ISTANBUL (Reuters) – Afghanistan’s neighbors gave their backing on Tuesday to plans to reconcile with Taliban insurgents two days ahead of an international conference to set a framework for handing security over to Afghan forces.
Afghan President Hamid Karzai said late on Monday he would renew a call for removing Taliban leaders from a U.N. terrorist list. Senior U.S. army chiefs have held out the possibility of eventual talks with the Taliban leadership to end a war now into its ninth year.
ISTANBUL (Reuters) – Neighbors of Afghanistan met in Istanbul on Tuesday to find a “single voice” in their approach to the conflict ahead of a major conference in London.
The international community wants regional players to cooperate in bringing stability to Afghanistan, the focus of a summit in London on Thursday that is expected to agree a framework for the Afghan government to take charge of security.
ISTANBUL (Reuters) – The leaders of Afghanistan and Pakistan will seek closer cooperation in the fight against militants during a summit in Istanbul on Monday, but a plan to reach out to Taliban insurgents will likely dominate the talks.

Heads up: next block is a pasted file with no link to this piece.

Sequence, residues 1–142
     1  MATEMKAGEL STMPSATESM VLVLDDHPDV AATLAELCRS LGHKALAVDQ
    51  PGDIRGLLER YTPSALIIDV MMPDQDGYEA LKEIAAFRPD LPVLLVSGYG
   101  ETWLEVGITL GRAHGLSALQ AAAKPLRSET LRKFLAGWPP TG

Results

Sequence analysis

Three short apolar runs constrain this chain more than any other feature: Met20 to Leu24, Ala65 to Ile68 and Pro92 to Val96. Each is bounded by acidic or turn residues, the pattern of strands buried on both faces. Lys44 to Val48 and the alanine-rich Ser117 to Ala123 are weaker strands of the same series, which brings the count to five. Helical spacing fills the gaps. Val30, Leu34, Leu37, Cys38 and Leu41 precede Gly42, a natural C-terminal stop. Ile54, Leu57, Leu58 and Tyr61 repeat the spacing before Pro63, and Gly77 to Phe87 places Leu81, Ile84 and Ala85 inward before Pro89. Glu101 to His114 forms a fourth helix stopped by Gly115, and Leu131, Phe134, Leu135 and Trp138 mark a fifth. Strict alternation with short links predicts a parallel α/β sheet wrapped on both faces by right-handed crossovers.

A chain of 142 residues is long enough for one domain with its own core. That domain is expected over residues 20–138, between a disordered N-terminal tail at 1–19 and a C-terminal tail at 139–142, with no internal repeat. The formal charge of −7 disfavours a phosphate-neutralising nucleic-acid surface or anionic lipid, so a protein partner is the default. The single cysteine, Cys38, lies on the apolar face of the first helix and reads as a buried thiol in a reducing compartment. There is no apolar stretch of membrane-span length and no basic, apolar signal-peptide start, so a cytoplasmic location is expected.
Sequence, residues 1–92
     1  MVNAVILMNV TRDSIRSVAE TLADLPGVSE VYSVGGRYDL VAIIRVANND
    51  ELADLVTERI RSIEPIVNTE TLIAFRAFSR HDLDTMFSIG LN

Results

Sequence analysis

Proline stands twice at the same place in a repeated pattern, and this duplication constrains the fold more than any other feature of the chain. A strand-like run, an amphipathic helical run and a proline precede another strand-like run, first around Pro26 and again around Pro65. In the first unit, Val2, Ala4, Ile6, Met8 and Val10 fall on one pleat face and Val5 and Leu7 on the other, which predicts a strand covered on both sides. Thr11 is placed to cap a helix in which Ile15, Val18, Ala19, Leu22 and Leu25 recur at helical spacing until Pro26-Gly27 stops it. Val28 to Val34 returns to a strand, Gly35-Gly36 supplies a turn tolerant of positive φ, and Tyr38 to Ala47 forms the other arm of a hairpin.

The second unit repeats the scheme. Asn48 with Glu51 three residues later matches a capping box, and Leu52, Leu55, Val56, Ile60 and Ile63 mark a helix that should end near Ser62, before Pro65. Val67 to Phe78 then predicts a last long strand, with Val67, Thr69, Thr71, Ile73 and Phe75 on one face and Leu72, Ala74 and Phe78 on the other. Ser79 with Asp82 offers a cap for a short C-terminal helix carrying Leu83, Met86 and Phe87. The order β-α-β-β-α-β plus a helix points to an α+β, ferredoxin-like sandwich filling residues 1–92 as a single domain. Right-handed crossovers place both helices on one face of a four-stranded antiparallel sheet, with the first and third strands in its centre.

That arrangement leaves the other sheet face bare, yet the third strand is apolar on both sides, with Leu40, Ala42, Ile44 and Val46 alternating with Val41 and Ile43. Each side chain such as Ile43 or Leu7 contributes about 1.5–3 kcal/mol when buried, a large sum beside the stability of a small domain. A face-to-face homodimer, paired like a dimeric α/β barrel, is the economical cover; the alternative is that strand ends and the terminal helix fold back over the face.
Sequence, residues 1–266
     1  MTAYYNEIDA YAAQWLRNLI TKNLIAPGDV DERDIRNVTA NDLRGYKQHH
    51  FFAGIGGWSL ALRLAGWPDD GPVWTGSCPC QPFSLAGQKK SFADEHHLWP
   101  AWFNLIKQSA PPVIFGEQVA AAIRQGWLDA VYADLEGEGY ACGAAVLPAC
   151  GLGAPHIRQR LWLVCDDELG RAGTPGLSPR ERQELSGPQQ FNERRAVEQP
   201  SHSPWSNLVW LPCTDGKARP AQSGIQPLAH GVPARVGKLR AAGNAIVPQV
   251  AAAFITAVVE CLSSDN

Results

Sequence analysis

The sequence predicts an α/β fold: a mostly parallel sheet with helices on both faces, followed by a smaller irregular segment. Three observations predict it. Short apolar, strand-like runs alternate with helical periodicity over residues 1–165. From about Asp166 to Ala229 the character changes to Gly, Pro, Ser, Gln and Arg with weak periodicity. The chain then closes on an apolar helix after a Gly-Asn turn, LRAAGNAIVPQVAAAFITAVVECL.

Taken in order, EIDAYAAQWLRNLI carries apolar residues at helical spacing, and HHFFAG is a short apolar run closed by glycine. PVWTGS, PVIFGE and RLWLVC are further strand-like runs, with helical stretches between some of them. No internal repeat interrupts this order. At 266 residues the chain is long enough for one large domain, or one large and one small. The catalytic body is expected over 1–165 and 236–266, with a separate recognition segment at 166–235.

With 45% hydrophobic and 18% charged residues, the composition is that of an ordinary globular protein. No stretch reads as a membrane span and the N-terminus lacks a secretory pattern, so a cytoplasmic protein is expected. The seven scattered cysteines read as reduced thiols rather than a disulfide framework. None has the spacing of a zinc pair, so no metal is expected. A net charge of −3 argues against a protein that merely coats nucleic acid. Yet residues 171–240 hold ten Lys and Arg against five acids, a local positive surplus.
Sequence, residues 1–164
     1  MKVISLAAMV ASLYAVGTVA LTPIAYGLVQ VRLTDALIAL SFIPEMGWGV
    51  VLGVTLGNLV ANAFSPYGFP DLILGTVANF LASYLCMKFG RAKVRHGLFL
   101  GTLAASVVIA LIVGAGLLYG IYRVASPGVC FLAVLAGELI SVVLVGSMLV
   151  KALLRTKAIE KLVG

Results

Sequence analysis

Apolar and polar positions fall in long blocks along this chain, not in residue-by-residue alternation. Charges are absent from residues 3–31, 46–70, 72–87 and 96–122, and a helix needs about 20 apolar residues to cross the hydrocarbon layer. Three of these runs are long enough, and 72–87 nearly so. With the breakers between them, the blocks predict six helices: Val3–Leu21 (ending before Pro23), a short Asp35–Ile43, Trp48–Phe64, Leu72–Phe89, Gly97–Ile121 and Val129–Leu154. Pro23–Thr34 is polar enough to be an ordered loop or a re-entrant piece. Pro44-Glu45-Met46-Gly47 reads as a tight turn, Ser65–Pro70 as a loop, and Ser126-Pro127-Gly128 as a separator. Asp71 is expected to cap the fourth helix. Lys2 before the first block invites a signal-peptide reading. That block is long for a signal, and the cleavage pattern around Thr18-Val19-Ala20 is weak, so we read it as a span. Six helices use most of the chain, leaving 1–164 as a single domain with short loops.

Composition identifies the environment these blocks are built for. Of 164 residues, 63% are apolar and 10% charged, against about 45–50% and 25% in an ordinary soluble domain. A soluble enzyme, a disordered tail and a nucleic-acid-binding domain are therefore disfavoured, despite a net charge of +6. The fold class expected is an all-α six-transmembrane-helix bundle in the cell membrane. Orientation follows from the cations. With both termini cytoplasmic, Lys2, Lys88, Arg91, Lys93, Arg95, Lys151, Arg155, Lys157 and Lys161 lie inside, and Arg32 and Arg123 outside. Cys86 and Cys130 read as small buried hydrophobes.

Afghan President Hamid Karzai and Pakistani President Asif Ali Zardari meet ahead of a London conference where Afghanistan and the international community are set to agree a framework for the Afghan government to take responsibility for its own security.
ISTANBUL (Reuters) – Turkey hosts a meeting of Afghanistan’s neighbors next week to seek a common approach to the conflict that could center on gathering international support for negotiating some kind of peace with the Taliban.
The regional meeting in Istanbul on Tuesday will pave the way for an international conference in London on January 28 that may set a timetable for transferring responsibility for some areas to Afghan control.
ISTANBUL (Reuters) – Turkish Deputy Prime Minister Bulent Arinc voiced doubts on Thursday at media reports that two army officers detained last weekend were part of a plot to assassinate him.
The reports fueled rumors of mounting tension between Prime Minister Tayyip Erdogan’s Islamist-rooted AK Party and the armed forces, seen as guarantor of the secular constitution.
ISTANBUL (Reuters) – Turkey’s military broke its silence on Wednesday over reports that two officers had been detained on suspicion of plotting to assassinate a deputy prime minister, saying they were premature as police investigations were incomplete.
The reports fueled rumors of growing tension between Prime Minister Tayyip Erdogan’s Islamist-rooted AK Party and the armed forces, seen as a guarantor of Turkey’s secular constitution.